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By John Helmer, Moscow

This morning Signor Enzo Caderni, the Director of the Grand Hotel & Pace Spa at Montecatini Terme, a well-known establishment in the Tuscan mineral waters resort, has confirmed that the wife of the outgoing president of Russia, Svetlana Medvedeva , has taken his hotel for a personal visit. The entire hotel, but not all of its 140 rooms.

Details of her stay appeared first in the Italian newspapers, then in the Russian media. Since the hotel is currently closed for its seasonal break, and will not reopen to regular guests until March 23, it’s possible that the First Lady’s party will benefit from a substantial discount for their accommodation. Otherwise, her presidential suite would cost about €600 per night, and the full complement of connecting or accompanying rooms and suites about €12,000 per night, not counting nourishment, treatment, water, etc.

Sources at the hotel say Italian privacy regulations preclude their discussing Medvedeva’s stay, the number of days and nights, the number in her party, the number on the bottom of her bill. Director Caderni explained: “this is a reserved visit, a private visit.” He said he could confirm what has already been reported in Italy, but not when the party would be leaving, which hasn’t.

The hotel sources did confirm that right now, outside the hotel grounds, there is a tight cordon of Italian carabinieri.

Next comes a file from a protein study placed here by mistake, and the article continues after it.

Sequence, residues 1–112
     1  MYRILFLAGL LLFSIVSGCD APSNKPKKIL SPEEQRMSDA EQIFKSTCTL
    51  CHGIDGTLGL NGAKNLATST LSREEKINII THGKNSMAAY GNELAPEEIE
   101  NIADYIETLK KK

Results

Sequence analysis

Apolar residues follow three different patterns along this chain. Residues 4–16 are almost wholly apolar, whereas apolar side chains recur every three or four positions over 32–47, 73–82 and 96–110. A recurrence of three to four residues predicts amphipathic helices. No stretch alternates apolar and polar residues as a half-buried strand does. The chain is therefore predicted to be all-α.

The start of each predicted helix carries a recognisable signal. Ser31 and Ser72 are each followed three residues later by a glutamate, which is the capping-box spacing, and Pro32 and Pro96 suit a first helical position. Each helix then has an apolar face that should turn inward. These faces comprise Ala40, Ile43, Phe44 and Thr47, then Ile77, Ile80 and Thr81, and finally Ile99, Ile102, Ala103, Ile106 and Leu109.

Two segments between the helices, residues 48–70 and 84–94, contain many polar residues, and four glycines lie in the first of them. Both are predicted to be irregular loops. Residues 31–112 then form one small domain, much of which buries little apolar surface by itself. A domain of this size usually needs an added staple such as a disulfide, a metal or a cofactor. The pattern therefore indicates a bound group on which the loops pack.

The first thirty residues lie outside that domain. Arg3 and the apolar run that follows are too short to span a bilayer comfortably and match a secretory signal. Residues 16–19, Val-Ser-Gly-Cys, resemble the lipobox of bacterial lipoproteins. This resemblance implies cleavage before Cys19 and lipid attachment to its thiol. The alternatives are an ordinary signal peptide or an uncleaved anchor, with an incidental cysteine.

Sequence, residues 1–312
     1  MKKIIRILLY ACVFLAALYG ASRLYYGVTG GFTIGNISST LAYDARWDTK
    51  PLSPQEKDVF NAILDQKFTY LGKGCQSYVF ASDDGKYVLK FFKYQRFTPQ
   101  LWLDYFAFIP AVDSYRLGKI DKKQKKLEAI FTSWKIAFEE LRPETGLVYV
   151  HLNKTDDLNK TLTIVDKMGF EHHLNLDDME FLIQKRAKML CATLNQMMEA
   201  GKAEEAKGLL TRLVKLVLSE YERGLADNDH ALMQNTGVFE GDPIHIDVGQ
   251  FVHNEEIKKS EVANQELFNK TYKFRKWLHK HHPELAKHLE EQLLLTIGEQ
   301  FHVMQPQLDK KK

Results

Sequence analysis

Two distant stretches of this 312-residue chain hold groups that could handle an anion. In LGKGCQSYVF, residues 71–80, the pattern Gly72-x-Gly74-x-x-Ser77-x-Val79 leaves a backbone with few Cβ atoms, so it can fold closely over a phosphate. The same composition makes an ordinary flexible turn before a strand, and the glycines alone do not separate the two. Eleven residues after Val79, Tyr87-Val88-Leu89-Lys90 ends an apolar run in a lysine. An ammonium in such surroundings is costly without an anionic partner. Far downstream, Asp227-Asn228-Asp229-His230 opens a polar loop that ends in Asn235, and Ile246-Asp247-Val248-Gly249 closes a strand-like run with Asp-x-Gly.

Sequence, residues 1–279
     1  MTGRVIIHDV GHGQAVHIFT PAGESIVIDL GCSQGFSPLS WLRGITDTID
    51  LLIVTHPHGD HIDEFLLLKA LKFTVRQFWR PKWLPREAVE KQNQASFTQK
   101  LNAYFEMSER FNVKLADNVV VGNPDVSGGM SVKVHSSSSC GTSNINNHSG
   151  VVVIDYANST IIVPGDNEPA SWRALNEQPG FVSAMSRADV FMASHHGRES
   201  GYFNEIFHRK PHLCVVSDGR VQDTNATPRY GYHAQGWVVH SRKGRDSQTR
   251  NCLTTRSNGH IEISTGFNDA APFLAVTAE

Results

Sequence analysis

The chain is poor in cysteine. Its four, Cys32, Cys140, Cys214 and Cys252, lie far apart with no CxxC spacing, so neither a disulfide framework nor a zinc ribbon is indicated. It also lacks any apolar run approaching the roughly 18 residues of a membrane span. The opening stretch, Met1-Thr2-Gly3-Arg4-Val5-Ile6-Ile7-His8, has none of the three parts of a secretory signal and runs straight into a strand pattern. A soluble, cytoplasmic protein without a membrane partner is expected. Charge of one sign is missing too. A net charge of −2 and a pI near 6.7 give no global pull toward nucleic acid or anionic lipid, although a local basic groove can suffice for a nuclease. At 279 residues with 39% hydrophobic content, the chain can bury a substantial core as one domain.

The baths of Montecatini have had a swampy history since they were first constructed in the 16th century, and then plundered by the Medicis of Florence, who left them to the mosquitoes. After a revival of thermal tourism at the start of the 20th century, the waters really got their spurt when Benito Mussolini arrived to take them; that was in May of 1930. Nobody of his political size has been there since. At least, Director Caderni doesn’t think it polite to name them.

As Mikhail Zoshchenko (image left) reported from his experience of Russian bathhouses, it’s a devil of a security problem keeping your clothes safe if your cloak and locker tickets wash off the organs of the body to which the tickets are tied. In Zoshchenko’s time, he considered it an extravagance to pay ten kopecks for a bath if that meant running the risk of losing underwear, trousers and coat to insensitive cloakroom attendants. In fact, Zoshchenko was obsessed with the problem of stolen clothes at Russian bathing establishments, because he wrote a second story about the problem. That’s the one about how an innocent bather had his entire outfit pinched while he was washing, and was then forced to beg for covering in order to get home. Imagine – the naked man covering his sex with the only thing the thief hadn’t taken, his cap, while he negotiated with the manager of the baths, a lady whom the innocent made the mistake of calling the Kursk Anomaly.

But everyone knows Zoshchenko was writing in the 1920s; that he’s quite dead; and that Russia is much more secure and civilized nowadays. No doubt Medvedeva’s trip to Montecatini has nothing to do with the fear of losing her clothes. It’s probably a present from the President on the occasion of Women’s Day, and if Medvedeva stays until March 15, for her 47th birthday. You don’t have to be a great Russian writer like Zoshchenko to acknowledge what a very generous present a wash at Montecatini makes.

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